Horizontal relative foot positions to pelvis during running. These positions were relative ones to the pelvis position. The red circles and the red square represent right and left heel strike, respectively. The arrows represent the direction of foot motions. This figure demonstrates that runner with 20 mm thick and 30 mm thick blocks moved foot in lateral direction

Figure 11 shows relationship between step width and additional block thickness. The 10 mm, 20 mm and 30 mm-thick blocks increased the mean of step width by 1.91, 3.18 and 6.47 %LL (\(P=0.016\), \(P = 0.031\) and \(P < 0.001\)) compared with that without the blocks, respectively.

Fig. 11
figure11

Additional block thickness and step width. With increasing the block thickness, step width increased. Single stars (*), twin stars (**) and triple stars (***) represent results of the paired t-test (\(P < 0.05\) , \(P < 0.01\) and \(P < 0.001\), respectively). These error bars represented standard deviation of means dominated by inter-participant variability

Figure 12 shows positions of the CoM during running. The CoM positions on x-axis and y-axis in each condition had little difference. The 30 mm-thick blocks increased maximum z-positions of the CoM and decreased minimum ones. Figure 13 shows relationship between the block thickness and z-amplitude of the CoM during running. The 30 mm-thick blocks increased the mean of the amplitude by 0.27 %LL (\(P=0.045\)) compared with that without the blocks. The CoM during running with the 30 mm-thick blocks was strongly accelerated on the mediolateral axis.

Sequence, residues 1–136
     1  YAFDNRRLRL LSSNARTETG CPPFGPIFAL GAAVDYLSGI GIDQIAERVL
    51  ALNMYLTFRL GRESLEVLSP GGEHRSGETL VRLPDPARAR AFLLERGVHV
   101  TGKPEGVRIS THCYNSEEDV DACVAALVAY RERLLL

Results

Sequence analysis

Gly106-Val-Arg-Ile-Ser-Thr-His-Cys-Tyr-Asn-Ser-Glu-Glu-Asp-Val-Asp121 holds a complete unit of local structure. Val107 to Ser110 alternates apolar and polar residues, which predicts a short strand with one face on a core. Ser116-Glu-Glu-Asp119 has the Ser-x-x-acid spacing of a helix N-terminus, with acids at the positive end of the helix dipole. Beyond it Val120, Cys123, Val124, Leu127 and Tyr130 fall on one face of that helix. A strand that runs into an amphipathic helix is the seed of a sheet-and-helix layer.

Fig. 12
figure12

The CoM position during running. The CoM position on x-axis and z-axis were band-pass filtered (1.0–6.0 Hz). The zero position on x-axis and z-axis does not represent the center of body, but means of position during running

Fig. 13
figure13

Amplitude of the CoM motion on z-axis and additional block thickness. 20 mm and 30 mm thick blocks increased the amplitude. The single star (*) and twin stars (**) represent significant difference of the paired t-test (\(P < 0.05\) and \(P < 0.01\), respectively). These error bars represent standard deviation of means dominated by inter-participant variability

Discussion

The joint trajectories and the CoM motion during normal running were reported [20, 21]. The results of the trajectories of normal running in our experiments and these conventional research results were consistent in joint angles and CoM motions.

The blocks on medial side of the thighs can reduce margin between the thighs. To keep running speed constant, runners spread their legs to compensate the margin and to avoid collision of the blocks. There were few collisions between the blocks happened during the experiments, since the subjects had known the size of the attached blocks before running. They unconsciously changed their running motions for the collision avoidance in advance. The thighs angle (\(\phi _t\)) in the conditions of 20 mm-thick blocks and 30 mm-thick ones decreased by 77% and 82% compared with that without blocks, respectively (Fig. 5). This reduction supports the hypothesis that a runner spreads their legs to avoid collision of the blocks.

When the thighs angle decreased, the relative knee joint positions shifted in lateral direction, and minimum knee distance increased to obtain an enough clearance between the blocks for avoiding these collisions. As shown in Fig. 7, the relative knee joint positions during running with the 20 mm and 30 mm-thick blocks moved in lateral direction. When the pelvis rotates, the relative knee joint position moves even if right hip adduction is constant. The means of the pelvis rotation in the condition of 30 mm blocks and 20 mm blocks decreased by 2.71° and 3.04° compared with the condition of no block, respectively. As a result, the right knee relative position moved in the lateral direction.